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Chases and Escapes:
The Mathematics of Pursuit and Evasion
Paul J. Nahin

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COPYRIGHT NOTICE: Published by Princeton University Press and copyrighted, © 2007, by Princeton University Press. All rights reserved. No part of this book may be reproduced in any form by any electronic or mechanical means (including photocopying, recording, or information storage and retrieval) without permission in writing from the publisher, except for reading and browsing via the World Wide Web. Users are not permitted to mount this file on any network servers. Follow links for Class Use and other Permissions. For more information, send e-mail to

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“Chases and escapes’’ are activities that might be said to define human existence, no matter where or when, ranging over the entire spectrum of violencefromtheromantic pursuitofa future spousetothe military pursuit of a target to be destroyed. Young children are introduced to both chases and escapes when they learn the simple rules of the game of tag: played by at least two, one player is designated as it, who then chases after all the others, who, of course, attempt to escape. When the it player manages to catch one of the evaders he or she yells “Tag! You’re it!,’’ that evader and the pursuer change roles,andthe game continues untilalldropfromexhaustion.Parents love tag! The related game of hide-and-seek, also of this genre, is equally attractive to young children (and to their parents). And surely allreaders canremember the funof watching the old LooneyTunes Road Runner/Wile E. Coyote chase-and-escape cartoons. Hollywood’s interest in chases dates, in fact, at least as far back as the 1914 serial ThePerils ofPauline, with countless imaginative escapes by the heroine from her dastardly guardian’s attempts to do her in.

As we grow older we leave hide-and-seek, tag, and cartoons behind, but there remains, for most people, a deep interest in pursuit-andevasion; the fascination simply becomes more sophisticated. The inherent conflict of chasing and escaping, of the battle between the hunter and the hunted, is the basis for at least half the fictional writing in the world. By their high school years, for example, most students have read the exciting Collier’s Magazine story “The Most Dangerous Game’’ by Richard Connell. That 1924 tale of a shipwrecked man (Sangar Rainsford,a celebrated hunter)hastheironic twistofa famous hunter becoming the hunted. At first he finds what he thinks is salvation from drowning at sea as he stumbles ashore onto a nearby jungle-covered island, inhabited by one General Zaroff, who oddly finds himself regularly visited by shipwrecked sailors — probably because he has installed a false lighthouse to lure passing ships onto rocks. Rainsfordsoon changes his mind about salvation when he learns that the General provides his “visitors’’ with hunting clothes, food, and a knife, and then turns them loose back into the jungle. After a three-hour head start the General comes after them, armed only with a small caliber automatic pistol — if the General fails to make a kill withinthreedayshepromisestoreturnhis elusivepreytothe mainland. As he explains to Rainsford, however, he has never failed to make the kill. The rest of the story, assigned to generations of high school English students by teachers who clearly admire Connell’s tale, is of the suspenseful chase.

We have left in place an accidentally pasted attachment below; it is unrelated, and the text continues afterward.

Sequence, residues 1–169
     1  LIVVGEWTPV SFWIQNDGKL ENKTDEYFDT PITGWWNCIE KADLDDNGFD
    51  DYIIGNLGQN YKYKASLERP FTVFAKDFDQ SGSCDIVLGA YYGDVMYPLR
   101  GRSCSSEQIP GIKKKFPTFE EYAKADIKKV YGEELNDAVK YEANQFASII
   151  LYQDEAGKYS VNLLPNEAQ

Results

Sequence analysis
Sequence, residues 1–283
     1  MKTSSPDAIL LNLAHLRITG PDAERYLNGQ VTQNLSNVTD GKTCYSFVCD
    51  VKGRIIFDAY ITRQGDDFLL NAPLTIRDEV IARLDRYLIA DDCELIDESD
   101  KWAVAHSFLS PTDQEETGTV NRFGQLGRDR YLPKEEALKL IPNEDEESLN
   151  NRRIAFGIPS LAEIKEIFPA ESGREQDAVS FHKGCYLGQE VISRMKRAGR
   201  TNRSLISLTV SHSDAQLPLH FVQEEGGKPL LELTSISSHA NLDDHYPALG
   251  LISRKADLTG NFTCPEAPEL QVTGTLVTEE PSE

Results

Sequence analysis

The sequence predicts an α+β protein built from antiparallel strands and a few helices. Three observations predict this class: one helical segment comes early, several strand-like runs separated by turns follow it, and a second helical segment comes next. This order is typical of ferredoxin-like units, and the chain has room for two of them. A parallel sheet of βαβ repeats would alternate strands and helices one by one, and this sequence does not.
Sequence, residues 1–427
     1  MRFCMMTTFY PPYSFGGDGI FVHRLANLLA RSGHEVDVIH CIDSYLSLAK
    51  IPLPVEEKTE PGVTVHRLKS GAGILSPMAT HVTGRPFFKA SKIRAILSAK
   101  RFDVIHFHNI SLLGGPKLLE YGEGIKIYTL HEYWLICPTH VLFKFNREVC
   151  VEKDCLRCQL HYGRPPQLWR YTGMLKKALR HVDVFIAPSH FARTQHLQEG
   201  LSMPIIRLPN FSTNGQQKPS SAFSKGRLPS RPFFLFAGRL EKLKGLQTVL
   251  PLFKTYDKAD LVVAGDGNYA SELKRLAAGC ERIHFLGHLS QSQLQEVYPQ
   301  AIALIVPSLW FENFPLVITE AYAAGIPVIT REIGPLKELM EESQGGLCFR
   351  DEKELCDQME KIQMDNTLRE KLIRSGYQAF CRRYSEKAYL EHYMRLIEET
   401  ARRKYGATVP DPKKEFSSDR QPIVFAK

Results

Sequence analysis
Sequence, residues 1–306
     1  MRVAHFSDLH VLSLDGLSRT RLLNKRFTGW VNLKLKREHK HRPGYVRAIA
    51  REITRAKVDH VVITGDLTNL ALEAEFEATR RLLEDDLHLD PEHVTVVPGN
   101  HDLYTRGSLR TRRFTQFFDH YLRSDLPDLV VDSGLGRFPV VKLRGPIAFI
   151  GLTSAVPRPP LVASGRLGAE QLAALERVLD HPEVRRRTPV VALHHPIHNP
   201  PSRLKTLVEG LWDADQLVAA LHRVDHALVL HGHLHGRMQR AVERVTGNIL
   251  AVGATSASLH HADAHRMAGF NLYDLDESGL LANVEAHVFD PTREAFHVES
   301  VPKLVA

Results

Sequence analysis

The printed story won a prestigious O’Henry Short Story Award, and was made into an exciting movie of the same name in 1932 (Joel McCrea played Rainsford, with his first name changed for some reason from Sangar to Bob!, and Fay Wray played a female role not in the original story;this last point is particularly interesting to note since the film was shot between takes, on the same set, of the classic film KingKong, which was released the next year in 1933 — starring, of course, Fay Wray). The Most Dangerous Game was remade at least two more times: AGameofDeath (1946) and RunfortheSun (1956). There were numerous obvious derivatives of an inferior nature, as well, for example, the 1961 Bloodlust!, in which a mad scientist hunts teenagers and displays his catches in glass cases (this movie is notable for having embarrassed one of its stars,RobertReed, even more than did his later role as Mike Brady, the perfect father on television’s The Brady Bunch).